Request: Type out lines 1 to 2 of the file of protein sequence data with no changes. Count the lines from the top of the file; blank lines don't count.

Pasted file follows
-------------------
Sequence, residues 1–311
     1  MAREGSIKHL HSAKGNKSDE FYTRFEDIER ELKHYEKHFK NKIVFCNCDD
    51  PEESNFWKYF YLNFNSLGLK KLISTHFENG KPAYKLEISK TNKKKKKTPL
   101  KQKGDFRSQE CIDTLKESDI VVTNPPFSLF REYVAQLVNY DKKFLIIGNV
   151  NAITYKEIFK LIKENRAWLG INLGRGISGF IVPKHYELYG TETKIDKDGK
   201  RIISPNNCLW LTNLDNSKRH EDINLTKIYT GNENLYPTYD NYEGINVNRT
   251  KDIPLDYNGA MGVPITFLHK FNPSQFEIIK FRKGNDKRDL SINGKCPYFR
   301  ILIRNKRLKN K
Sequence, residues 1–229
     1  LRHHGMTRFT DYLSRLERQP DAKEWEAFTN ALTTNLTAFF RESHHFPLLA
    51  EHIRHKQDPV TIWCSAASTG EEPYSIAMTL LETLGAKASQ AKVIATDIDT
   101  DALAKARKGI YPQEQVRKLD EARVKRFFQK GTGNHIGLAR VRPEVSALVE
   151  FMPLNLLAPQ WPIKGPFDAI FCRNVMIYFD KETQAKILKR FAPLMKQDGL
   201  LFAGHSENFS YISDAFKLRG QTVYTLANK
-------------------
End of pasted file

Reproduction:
Sequence, residues 1–311
     1  MAREGSIKHL HSAKGNKSDE FYTRFEDIER ELKHYEKHFK NKIVFCNCDD